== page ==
I’m a car enthusiast — mostly for European small hatches (don’t judge!) — and also a big fan of newer/better technologies, so when it comes time to buy a new car, I tend to go focus on two things: smaller and faster engines. Keeping with the engine “downsizing” trend, adding a turbocharger is the way to go.

My love of cars notwithstanding, that entire passage was only necessary to cover up the fact that I’ve appropriated the title of this post from Miguel Contreras (Turbo Charging your IOPS with the new PVS Cache in RAM with Disk Overflow Feature!) and Nick Rintalan (Turbo Charging Performance with PVS 7.7). So, we’ve already turbocharged several things around here and, so I said to myself, “Why not keep up with the trend, right?”

I’ve stumbled with the fact that our exports for XenServer backups are far from being ideal both from the time they take to complete and the space they take on the backup drive. Yes, you can compress them, but… it takes forever. Yes, you can use the better xe vdi-export techniques on your backup scripts, but then you have to compress them on the destination and also, that gets you “just” the VHD file without the Virtual Machine parameters (CPU/RAM/NICs), which just add time and complexity to the backup/restore strategy.

What if I tell you that it is in fact possible to run a full XVA export with all the VM information at the same (or even faster!) speeds from the newer vdi-export method but also compressed at the same(-ish) size of the glacier slow XVA Compressed export?

Yes, we can! Bear with me for a few minutes and I’ll show you how!

Let’s define the backup options

There are countless of posts around the web in regards of backups methods and/or scripts in XenServer, but most (if not all) of them come down to just two underlying commands:

  1. xe vm-export: This is the traditional way of exporting VMs, snapshots, etc. When you do an export from XenCenter, this is the command that the server will issue. The good thing about this command is that:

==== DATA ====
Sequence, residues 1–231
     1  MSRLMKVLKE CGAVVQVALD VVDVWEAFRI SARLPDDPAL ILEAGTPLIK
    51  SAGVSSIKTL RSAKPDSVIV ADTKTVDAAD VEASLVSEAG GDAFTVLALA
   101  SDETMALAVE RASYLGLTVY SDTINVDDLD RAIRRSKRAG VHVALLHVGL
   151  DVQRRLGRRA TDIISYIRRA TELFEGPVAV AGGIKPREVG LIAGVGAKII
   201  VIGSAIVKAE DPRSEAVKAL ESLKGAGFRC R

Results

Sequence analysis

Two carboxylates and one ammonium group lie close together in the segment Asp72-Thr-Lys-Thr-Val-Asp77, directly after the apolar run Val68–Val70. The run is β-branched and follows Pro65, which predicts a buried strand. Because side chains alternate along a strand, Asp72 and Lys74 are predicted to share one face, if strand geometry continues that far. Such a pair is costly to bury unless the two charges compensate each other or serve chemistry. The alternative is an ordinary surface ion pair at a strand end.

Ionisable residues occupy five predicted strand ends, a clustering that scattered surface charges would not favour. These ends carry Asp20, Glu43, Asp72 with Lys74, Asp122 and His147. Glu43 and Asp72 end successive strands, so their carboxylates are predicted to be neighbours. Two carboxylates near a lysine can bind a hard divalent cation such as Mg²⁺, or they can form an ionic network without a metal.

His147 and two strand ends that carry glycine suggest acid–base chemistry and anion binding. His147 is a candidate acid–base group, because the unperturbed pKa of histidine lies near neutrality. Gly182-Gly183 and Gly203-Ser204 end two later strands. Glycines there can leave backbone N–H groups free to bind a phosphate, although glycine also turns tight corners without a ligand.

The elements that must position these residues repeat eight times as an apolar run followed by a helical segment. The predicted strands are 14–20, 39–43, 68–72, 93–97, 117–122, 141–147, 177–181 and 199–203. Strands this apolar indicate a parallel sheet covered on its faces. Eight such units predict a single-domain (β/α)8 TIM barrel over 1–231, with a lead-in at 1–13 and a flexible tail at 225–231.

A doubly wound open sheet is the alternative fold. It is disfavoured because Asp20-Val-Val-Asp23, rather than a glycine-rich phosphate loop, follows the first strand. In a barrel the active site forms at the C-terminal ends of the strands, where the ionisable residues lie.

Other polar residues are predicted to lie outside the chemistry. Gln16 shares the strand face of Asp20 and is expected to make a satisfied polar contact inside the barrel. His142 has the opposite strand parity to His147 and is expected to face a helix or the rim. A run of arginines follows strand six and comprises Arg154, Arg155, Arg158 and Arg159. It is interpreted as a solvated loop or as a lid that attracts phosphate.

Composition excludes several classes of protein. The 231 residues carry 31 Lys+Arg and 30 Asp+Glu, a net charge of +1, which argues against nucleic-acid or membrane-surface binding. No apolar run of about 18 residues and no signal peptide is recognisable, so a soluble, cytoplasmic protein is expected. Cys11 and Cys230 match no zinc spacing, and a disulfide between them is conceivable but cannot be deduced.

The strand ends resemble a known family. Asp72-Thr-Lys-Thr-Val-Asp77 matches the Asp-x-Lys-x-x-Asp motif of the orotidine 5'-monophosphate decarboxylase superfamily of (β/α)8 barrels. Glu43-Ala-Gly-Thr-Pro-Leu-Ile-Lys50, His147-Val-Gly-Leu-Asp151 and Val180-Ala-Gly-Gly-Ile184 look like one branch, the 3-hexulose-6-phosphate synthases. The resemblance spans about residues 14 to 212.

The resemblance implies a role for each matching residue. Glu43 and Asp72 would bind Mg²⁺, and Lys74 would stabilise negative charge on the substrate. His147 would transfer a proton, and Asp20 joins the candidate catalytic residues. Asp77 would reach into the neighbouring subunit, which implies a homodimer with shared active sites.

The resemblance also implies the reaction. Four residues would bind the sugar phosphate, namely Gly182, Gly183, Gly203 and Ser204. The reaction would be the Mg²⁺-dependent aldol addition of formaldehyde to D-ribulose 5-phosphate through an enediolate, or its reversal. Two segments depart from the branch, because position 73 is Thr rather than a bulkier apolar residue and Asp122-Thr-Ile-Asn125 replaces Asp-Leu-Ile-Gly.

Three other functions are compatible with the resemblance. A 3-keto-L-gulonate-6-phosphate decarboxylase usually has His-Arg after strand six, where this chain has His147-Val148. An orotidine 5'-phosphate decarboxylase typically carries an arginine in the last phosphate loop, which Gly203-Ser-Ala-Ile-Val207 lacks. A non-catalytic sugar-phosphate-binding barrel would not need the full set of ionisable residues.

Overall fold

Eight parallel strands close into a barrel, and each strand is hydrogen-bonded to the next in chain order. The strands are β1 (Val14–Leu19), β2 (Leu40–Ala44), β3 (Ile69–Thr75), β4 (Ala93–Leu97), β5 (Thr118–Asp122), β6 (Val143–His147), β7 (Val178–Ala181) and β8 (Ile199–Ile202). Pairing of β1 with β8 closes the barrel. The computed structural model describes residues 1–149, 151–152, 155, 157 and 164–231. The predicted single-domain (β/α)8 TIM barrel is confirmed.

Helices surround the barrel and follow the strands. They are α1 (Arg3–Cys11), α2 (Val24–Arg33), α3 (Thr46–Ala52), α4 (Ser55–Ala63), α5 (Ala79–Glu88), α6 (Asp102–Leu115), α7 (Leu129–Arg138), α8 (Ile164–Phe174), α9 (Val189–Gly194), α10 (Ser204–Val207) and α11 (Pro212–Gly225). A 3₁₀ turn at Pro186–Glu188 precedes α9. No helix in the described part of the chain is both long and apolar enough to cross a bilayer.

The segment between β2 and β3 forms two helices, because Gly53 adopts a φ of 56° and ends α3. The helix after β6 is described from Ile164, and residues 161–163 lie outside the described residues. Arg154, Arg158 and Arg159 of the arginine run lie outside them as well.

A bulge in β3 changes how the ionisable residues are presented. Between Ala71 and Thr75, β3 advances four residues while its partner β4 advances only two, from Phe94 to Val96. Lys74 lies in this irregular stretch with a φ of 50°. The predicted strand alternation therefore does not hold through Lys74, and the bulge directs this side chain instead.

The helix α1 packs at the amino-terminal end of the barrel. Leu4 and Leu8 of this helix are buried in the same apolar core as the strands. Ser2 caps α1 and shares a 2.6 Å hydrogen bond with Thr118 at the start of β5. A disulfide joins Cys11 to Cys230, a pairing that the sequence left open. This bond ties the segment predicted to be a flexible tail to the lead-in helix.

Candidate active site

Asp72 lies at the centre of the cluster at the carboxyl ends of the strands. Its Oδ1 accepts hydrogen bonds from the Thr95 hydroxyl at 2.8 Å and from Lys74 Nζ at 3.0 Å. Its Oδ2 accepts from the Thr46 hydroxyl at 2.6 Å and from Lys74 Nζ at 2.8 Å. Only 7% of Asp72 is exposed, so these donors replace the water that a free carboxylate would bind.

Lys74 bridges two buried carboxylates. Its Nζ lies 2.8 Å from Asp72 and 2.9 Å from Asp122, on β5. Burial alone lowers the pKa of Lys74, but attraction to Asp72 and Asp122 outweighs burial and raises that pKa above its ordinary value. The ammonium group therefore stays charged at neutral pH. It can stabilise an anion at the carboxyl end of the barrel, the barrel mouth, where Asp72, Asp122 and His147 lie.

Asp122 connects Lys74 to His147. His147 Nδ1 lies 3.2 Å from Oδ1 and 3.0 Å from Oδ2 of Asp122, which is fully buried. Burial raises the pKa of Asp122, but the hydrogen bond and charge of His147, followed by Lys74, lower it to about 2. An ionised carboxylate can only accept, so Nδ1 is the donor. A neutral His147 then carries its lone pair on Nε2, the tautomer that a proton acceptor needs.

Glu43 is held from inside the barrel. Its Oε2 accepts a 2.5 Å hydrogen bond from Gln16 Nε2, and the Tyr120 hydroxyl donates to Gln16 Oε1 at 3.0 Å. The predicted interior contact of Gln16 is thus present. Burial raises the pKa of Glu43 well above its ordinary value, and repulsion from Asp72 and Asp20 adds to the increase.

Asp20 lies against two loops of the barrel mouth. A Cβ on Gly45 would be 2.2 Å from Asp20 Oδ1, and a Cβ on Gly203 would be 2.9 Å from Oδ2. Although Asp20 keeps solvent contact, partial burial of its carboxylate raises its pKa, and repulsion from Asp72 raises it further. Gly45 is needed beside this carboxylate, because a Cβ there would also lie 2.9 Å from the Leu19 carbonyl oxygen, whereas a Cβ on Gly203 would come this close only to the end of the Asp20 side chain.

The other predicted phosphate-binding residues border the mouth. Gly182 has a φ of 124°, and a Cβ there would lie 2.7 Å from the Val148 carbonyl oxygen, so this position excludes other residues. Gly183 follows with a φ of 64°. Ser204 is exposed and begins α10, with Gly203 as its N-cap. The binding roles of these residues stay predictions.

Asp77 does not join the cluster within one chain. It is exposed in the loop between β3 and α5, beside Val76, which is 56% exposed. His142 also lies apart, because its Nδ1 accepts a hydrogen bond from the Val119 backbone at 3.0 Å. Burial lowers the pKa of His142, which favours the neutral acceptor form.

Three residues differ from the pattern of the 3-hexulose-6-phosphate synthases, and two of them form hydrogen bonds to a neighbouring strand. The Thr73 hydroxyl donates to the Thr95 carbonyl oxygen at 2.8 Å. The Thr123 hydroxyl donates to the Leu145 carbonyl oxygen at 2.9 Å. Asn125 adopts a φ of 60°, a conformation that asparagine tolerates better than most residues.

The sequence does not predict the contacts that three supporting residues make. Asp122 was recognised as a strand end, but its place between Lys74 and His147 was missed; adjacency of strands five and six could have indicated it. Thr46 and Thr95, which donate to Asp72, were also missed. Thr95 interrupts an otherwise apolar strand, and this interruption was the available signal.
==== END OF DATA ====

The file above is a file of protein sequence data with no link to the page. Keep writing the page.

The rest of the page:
1. it will export used blocks only from you VHD files. So, if you’ve been doing your cleanup job correctly from within the Virtual Machine, you should have smaller files than your total VHD space actually can hold. In my examples below, you’ll see a full fat 32GB VHD files with ~20GB worth of operating system data, configurations, and applications files.
    2. Also, this will export the full XVA, which makes it easier to import in a recovery scenario. The bad thing is that it takes a while to complete. It has an acceptable speed though (YMMV depending on hardware/networking config, of course).
  2. xe vdi-export: This is the newer API supported by the XEN project, which works directly with the VHD; it’s basically the main player on Storage XenMotion and it’s been around for quite a few years now. This one is blazing fast for copying VHD files
    .
    The good thing about this one is, again, speed. You can easily saturate your storage IO before and if you have a pretty good storage, you can get near wire-speed for fast networks. The bad things are that:
    1. If a VM has multiple VHDs, you’ll have to export them all individually.
    2. The resulting size will be the full fat VHD size (in my test case, 32GB then). So, if saving that through the network, you’ll have extra transmission time too.
    3. Finally, it won’t save the VM parameters so saving the XenServer metadata should be done too, in order to keep all the machine information (CPUs/RAM/NICs, etc.).

One of the backup scripts that I like the most is NAUbackup VM script from Northern Arizona University, which exploits both export methods. For instance, on a VM with two VHDs — the OS one 32GB and the data one 1TB — exporting the whole VM might be overkill so you’ll be better off executing vdi-export for the OS VHD and leave the 1TB disk alone so backups can be taken from inside the VM (Mail Server, SQL Servers, File Servers, etc.).

Let’s see how our playground looks like and our baseline numbers

Let me be specific with my test server so numbers make sense. I’m running XenServer 7.2 on a 6 years old Dual Xeon X5675 server with 128GB of RAM. Local storage repository consists of 3x450GB 10K RPM SAS disks configured in RAID 0 for optimal performance and a quick hdparm -t /dev/sda shows a buffered transfer rate of ~400MBytes/sec. My Test VM is a Windows 2012 R2 VM with 4GB of RAM 4vCPUs and 32GB VHD.

Backups are taken over a single 1Gbps link using a home-grade switch to an external machine running SATA Disks at 7200rpm with a maximum write speed of 110MByte/sec and an average of 80MByte/sec, so home-grade equipment.

I’ve first exported using the regular commands/tools, for a total size of ~19.5GB and I wanted to save space so I went ahead and used the compress=true modifier which was able to cut the size in half for a ~9.6GB: